Tuesday, December 22, 2009

Condensed, comprehensive Greentyre review

...also for key words: green tyre tire

Since so many people land on this blog because they googled "Greentyre review" I have taken the liberty of combining the two previous posts on this subject and editing out the superfluous content (and for those who don't have the patience for even this, just be advised not to buy them).

Here are the reviews as they appeared chronologically:


The maiden voyage went poorly. A perfectly true wheel came untrue before I even made it up a hill. So the next day I trued the wheel on the bike and then tightened each nipple an extra ½ turn. That evening I gave the bike another test ride. By the time I got home, the wheel was again a bit wobbly. After such a thorough tightening, I just knew that the tires had to be the cause. Which was part true. The actual cause was that the spokes had too much room to move up and down since I was running a double-layered rim with a solid tire. I found a suitable single layer rim, and spent part of Sunday rebuilding the wheel

Sunday evening, I took the bike out on the first actual commute. This time, everything stayed true. Thus, I was finally able to pay attention to how the solid tires actually perform. They were definitely not awful. They are substantially heavier than pneumatic tires. However, since I was riding such a light bike, it was hardly an issue. Rolling resistance on the other hand, made a huge difference. Changing between my various bikes usually makes a difference of 1 to 2 MPH in my cruising speed. But this bike, with these tires put me down at least 5 MPH. On the plus side, though, what time I lost in speed I likely made up for by taking the most direct route to work, which is coated with a thick layer of broken glass. Plus, on the ride home from work Monday morning, I stopped for a drink and this gave me the opportunity to impress folks by lodging darts into my tire. Nevertheless, it is looking like I will be switching back to normal winter tires at some point. The other downside to these is their stiffness. They allow you to feel everything on the road that is bigger than a grain of sand. Had I chosen a thinner model with a higher PSI equivalent, I probably could have solved the rolling resistance problem, but the stiffness would probably have given me calluses. All in all I would say these tires are ideal for a light weight commuter bike that has lots of suspension; I would highly recommend them if that is what you are going to put them on.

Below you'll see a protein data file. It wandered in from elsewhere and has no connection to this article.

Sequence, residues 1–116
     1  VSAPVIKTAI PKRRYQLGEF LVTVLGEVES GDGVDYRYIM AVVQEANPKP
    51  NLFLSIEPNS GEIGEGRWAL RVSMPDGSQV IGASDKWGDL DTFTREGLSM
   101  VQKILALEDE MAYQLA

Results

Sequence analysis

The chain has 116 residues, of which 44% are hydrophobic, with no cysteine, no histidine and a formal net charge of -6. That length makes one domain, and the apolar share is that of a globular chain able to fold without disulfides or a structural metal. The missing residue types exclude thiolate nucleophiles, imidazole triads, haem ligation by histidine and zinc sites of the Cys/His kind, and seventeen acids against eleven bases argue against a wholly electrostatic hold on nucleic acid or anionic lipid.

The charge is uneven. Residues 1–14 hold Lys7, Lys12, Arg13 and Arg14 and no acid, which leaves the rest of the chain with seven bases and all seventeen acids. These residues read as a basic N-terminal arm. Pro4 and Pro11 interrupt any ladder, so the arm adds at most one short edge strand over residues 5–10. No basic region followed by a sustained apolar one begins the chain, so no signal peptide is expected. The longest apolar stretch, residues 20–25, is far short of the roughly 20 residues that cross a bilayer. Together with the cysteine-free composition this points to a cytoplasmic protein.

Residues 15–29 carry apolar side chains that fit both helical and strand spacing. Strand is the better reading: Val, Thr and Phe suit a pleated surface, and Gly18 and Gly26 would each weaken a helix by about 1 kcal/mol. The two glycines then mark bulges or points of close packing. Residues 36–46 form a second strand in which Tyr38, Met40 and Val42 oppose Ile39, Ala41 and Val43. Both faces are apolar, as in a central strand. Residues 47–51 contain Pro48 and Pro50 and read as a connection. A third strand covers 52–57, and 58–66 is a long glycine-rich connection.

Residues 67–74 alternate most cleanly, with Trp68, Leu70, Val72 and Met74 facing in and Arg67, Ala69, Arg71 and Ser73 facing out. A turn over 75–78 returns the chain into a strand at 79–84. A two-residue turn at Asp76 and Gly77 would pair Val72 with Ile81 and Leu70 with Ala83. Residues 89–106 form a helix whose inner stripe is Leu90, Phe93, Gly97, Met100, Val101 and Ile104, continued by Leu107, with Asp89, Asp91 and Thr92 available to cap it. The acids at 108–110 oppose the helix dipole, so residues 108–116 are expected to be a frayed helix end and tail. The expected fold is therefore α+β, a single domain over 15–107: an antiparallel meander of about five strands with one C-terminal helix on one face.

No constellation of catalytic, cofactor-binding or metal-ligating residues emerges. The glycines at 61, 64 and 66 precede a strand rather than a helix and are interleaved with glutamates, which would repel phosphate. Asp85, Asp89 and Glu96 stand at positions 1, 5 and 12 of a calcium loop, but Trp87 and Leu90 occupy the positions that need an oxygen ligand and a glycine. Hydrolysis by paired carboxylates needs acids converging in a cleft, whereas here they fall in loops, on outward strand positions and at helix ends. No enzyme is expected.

A second review of Greentyres: I had put the tires on my bike last night so that I could test them again on my commute to work. I wanted to see if the needless worry and tool-packing associate with pneumatic tires could outweigh all the downsides of Greentyres. If the tires worked out this time around, I'd use them all weekend for my trips. In my first review, I suggested that they were “ideal for a light weight commuter bike that has lots of suspension”. However, now that I've gotten used to normal tires on the bike that they were initially tested on, things have changed. Not only do the tires perform far worse than I remember, but they also don't last. As I was mounting them, I noticed that one of the few, if not the only skids I had made in the short time I used them, had left a bald spot so deep that there was no trace of tread left. On my ride into work I could feel the bump of the bald spot on every revolution. So yeah, I no longer recommend them for suspension commuter bikes. Instead, I'd say that these tires are well suited for those content to ride department store brand bikes, but who don't have the time/tools/expertise to maintain their tires.

2 Comments:

Blogger Iain said...

Thanks for the review. Sheldon Brown agrees with you.

I definitely won't try them now, even though I'm so bored of punctures.

4:14 PM  
Anonymous Anonymous said...

I wish I had seen your reviews before I went ahead and got the 700 x 35 millenniums from GreenTyres. Firstly, the rolling resistance was an absolute show stopper. The rear one seemed to have been moulded slightly off centre and gave a constant feel of a slightly buckled wheel on the odd occasions I'd get up past 15mph (single speed bike). I can imagine the skid would have taken off tread as I was shocked to find the whole tyre made from the same high density foam. I was expecting at least the tread to be rubber. They didn't feel like they had anywhere near the adhesion to the road of a normal tyre.

A failed experiment. Just a shame all I found on google at the time was opinion from people who'd never actually ridden them.

Thanks,

Rob

3:42 PM  

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